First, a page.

The union’s acceptance of the tentative agreement effectively blocks a strike by teachers in the largest school district in Oregon. Determined to stop over a decade of concessions demanded by the district and forced through by the union, nearly all of Portland’s 2,900 teachers voted to strike earlier this month. Their readiness to fight for decent wages and working conditions received huge support from parents and students, many of whom staged walkouts at several high schools to denounce the attack on teachers and education by the school board.

Instead of mobilizing this widespread support behind the teachers, the union sought at every point to prevent a strike. Above all, the PAT and its parent organization, the National Education Association (NEA) were determined to prevent a political confrontation with the Democratic Party, which controls the state and local government, and the Obama administration, which is spearheading the dismantling of public education. The PAT and NEA enjoy the closest ties with the Democratic Party and have been partners in its anti-teacher “school reform” agenda.

Over the last five months, PPS had proceeded on a forced march toward a confrontation with the teachers—invoking mediation and then impasse as soon as each step was legally allowed. The district began making preparations to break a strike last fall. After the vote for strike authorization, it sent out a statewide letter to substitute and replacement teachers and also posted an ad on Craigslist, offering strikebreakers a full week’s pay regardless of whether the week was completed or not.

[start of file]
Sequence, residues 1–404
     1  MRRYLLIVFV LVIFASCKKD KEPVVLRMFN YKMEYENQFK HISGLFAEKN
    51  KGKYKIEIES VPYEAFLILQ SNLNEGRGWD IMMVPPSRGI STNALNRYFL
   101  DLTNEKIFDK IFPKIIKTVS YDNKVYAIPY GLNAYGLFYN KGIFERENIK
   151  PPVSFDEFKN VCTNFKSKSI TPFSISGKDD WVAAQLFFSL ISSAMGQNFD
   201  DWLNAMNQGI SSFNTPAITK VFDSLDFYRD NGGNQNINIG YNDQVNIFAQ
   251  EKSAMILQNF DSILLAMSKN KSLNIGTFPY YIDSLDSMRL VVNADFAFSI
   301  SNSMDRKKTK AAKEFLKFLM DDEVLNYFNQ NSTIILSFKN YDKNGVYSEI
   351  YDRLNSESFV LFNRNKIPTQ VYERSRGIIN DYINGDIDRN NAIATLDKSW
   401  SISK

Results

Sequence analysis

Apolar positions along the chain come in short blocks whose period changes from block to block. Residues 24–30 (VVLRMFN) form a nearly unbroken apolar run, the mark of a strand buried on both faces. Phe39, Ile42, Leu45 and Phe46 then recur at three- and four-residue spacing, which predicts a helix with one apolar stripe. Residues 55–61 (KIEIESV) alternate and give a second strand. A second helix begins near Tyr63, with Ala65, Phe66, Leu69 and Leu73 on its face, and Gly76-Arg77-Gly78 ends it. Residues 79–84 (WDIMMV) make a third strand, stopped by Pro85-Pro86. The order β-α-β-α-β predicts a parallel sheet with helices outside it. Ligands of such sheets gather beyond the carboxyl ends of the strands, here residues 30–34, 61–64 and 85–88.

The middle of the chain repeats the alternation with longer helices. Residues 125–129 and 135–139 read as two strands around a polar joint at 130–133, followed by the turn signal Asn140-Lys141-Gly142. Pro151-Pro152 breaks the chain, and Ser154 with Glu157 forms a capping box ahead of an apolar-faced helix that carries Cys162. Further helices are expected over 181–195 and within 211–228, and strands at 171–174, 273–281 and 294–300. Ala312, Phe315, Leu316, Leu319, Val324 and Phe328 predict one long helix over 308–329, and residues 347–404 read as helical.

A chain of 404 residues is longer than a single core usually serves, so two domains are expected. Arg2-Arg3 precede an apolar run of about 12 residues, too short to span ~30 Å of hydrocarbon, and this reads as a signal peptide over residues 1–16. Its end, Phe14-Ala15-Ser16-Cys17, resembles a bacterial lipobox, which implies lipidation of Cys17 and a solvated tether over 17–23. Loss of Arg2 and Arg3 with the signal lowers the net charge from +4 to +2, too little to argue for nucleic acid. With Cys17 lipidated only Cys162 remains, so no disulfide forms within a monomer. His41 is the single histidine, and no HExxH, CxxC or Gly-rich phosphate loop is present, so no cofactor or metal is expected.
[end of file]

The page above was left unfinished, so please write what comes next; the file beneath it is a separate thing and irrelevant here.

All this was in line with PPS labor relations liaison Morton’s declaration that, “From the board’s perspective we need to be aggressive about this, business as usual has gotten us to a place that is not tolerable anymore.” However, concerns began to emerge within the Democratic Party establishment that the union might not be able to contain the anger of teachers, students and parents if the PAT was completely sidelined.